• Jim Craig

    The SRAS don’t mention the huge amount of fertilizer that is required to grow the crops of which part of ends up running into the endangered Barrier Reef killing it as well

    Nothing positive about the sugar industry
    Jimbo

  • Marisa

    How can a health professional who has been sponsored to underplay the role of sugar in poor health possibly “call out” the supposed disingenous motives of someone else (while admitting to lacking of evidence) without coming off as a massive hypocrite? Aside from this, the presenter came across awkward, petty and frankly jealous.

  • How convenient to believe sugar is harmless (particularly in moderation). Unfortunately the quick return of angry spotty skin & bloating when I consume sugar makes it impossible to ignore that it doesn’t agree with my system!

  • Shirley Giles

    Don’t get it. Wasnt she there to promote sugar then why bag the wellness movement why not talk on the benefits of sugar and how good it is. Oops of course she can’t do that because there isn’t any. Keep doing what your doing Sarah it’s great.

  • Debbie

    Lets discredit people who have brought an awareness to healthy life options for so many people. Isn’t that the way to go when you’re feeling the heat. Where was any scientific evidence that sugar is really good for you? Keep up the good work Sarah!

  • kim

    I don’t believe the speaker is painting Sarah as the “enemy” but rather as an example of how to build a successful brand and communicate effectively. she’s merely doing her job as an advertising professional to deliver a competitor analysis and content strategy. definitely a compliment and wishful thinking on the SRAS’s part!

    • V

      That’s how I saw it too – pretty standard preso on competitor analysis. Don’t think it’s worth getting incensed over.

  • Lozzie v

    That was the most ridiculous presentation i have ever seen. I come from a background in ‘main stream health’ and I cannot understand why this woman is ridiculing people who are wanting to live a healthier, more productive and aspirational lifestyle.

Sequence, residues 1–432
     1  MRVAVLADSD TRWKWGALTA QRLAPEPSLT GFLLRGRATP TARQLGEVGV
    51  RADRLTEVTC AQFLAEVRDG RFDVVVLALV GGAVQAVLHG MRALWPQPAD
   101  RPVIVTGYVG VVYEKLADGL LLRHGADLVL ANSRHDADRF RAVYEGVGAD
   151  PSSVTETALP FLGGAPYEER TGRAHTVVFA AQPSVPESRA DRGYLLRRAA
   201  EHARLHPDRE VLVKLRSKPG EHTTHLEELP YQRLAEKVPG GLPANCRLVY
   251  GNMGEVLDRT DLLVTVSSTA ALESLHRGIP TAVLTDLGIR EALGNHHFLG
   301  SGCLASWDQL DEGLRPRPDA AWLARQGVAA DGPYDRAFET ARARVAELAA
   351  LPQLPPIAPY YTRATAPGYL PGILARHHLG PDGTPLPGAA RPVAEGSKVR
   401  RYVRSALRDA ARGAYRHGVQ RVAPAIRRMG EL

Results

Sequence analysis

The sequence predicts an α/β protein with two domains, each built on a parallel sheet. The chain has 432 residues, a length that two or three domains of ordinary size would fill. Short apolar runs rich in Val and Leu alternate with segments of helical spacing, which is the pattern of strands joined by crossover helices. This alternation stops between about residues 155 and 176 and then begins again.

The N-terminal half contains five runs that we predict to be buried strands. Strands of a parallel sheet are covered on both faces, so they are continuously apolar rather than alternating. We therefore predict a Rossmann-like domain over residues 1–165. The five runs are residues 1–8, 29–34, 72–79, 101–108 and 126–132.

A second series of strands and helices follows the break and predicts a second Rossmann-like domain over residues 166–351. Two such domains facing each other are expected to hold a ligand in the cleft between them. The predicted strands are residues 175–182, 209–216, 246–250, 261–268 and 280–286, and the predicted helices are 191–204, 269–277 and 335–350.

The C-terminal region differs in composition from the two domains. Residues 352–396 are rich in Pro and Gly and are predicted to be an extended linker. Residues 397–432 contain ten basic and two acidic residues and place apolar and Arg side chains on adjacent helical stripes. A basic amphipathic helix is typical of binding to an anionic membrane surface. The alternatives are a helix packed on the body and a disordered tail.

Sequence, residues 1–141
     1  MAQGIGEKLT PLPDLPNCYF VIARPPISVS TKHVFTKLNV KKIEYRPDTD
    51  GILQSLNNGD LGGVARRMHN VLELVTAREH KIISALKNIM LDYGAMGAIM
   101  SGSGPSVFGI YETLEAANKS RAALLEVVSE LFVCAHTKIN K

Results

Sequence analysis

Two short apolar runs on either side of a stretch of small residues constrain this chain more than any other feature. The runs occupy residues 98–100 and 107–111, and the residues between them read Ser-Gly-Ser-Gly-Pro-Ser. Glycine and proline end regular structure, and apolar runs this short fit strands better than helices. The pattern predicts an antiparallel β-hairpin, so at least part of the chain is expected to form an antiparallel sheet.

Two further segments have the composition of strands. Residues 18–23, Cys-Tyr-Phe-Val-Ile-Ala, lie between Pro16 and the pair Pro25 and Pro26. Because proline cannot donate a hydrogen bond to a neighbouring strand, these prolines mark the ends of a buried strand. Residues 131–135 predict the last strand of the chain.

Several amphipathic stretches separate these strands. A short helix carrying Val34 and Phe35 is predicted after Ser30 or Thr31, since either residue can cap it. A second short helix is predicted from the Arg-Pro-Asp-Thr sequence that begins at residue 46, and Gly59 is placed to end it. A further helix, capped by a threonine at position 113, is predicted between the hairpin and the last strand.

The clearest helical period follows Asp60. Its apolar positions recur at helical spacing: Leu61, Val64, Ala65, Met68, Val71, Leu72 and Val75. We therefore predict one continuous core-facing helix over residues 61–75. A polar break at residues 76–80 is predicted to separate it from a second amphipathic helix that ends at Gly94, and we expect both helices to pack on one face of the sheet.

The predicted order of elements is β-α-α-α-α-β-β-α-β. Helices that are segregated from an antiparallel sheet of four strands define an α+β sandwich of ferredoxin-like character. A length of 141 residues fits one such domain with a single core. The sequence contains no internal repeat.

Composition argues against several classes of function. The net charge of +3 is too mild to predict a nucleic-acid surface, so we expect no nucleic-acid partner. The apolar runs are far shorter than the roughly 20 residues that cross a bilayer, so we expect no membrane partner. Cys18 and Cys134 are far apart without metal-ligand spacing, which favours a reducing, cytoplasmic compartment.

I liked the awkward low fat sugar laugh too…

  • Claudia

    The great late Westurn Price did much reasurch into diet years ago covering all ethnicities and focil records confirm his findings non of the sugar, grain, nut ect industries can provide evidence to suport against because his work was so compleat and therefore true. I was in hospital and the diabetics actually told me that the NHS says they had to eat alot of carbohydrates as they chomped down on crisps. The mind boggles.

  • Jay Tombleson

    Reading through everyone’s comments, I don’t seem to be the only one who has struggled to find the point of the talk. It’s like she wants to admit that the rise of wellness and associated bloggers is a good thing but at the same time needs to make a mockery of them because they are not “qualified”. If people want to share inspiration on healthy living how is that a bad thing?
    I also have a background in mainstream food/nutrition but disagree with so much of the “right” way to eat. Everyone is so different and as someone who has struggled with chronic pain, I find it amazing how little mainstream health looks at the whole problem. It is the people who have had problems significant enough to need to explore this health and wellness area that are the experts. Reading a book on nutrition is great but life experience is the best way to understand food and what does and doesn’t work. The speaker said she was a nutritionist? She doesn’t fit into what I would consider “amazingly healthy”..

  • Susie Hale

    Jealous much… ?….. Presenting evidence on what? For what purpose (?) except to slander successful and confident people doing what they love, in a way they love who happen to have shared their journey for the benefit of others. Keep up with it Sarah, I know who I’ll be continuing to keep an eye on (and it’s not her!!)

  • Emma Dumas

    Fascinated as to what a ‘make doer’ is? Otherwise, pretty unclear as to any reason or purpose to the whole episode!

  • Jennifer Mistsoftime

    J brand Miller s research was discredited. She should be sacked from the university. People are turning to the “non expert” because many experts have tunnel vision. They are called doctors sometimes because they believe in their indoctrination/training. When new evidence is highlighted they feel threatened. So the Miller’s of this world when in doubt ( but too frightened to admit they were wrong), attack. Good health to you Sarah.

  • Tracy Dawson

    I live in the bush, am nearly 50 and as a Teacher Librarian am very aware of the importance of evidence in making any claims. Sarah ticks all the boxes for me. Ms Miller does not.

  • Big Nang

    This is just incredible!! Quite unbelievable that they should use you in such a negative manner. I have only recently come across your books, and this site, and cannot tell you how you have changed my health for the better. Sugar nearly killed me, and I know for sure it is killing many millions of others. I know that sounds over the top, but the evidence is there, and the truth will come out. Like some others who have commented, I too have started a blog to spread the word, in some small way, and this type of bullying tactic will not stop me.
    Thank you for doing what you do.